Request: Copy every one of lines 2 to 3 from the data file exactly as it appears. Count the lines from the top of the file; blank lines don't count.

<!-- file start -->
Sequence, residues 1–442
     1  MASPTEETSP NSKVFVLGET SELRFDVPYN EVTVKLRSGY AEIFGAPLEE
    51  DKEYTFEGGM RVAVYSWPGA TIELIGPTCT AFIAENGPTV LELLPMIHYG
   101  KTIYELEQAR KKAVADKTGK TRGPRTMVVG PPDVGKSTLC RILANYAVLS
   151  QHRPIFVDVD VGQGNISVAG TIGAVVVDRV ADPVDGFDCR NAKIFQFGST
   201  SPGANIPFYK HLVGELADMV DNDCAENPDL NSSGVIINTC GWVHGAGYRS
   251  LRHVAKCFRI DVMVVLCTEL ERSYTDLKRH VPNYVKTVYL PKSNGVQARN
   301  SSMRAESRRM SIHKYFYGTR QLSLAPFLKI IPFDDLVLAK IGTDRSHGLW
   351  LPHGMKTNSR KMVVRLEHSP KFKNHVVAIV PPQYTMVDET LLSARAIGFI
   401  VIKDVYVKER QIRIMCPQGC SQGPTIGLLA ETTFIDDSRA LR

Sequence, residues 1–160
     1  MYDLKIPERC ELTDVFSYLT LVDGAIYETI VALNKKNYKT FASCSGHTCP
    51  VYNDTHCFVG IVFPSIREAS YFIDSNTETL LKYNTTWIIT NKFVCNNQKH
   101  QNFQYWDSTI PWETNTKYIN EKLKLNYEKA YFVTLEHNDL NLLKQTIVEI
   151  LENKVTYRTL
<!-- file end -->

     1  MASPTEETSP NSKVFVLGET SELRFDVPYN EVTVKLRSGY AEIFGAPLEE
    51  DKEYTFEGGM RVAVYSWPGA TIELIGPTCT AFIAENGPTV LELLPMIHYG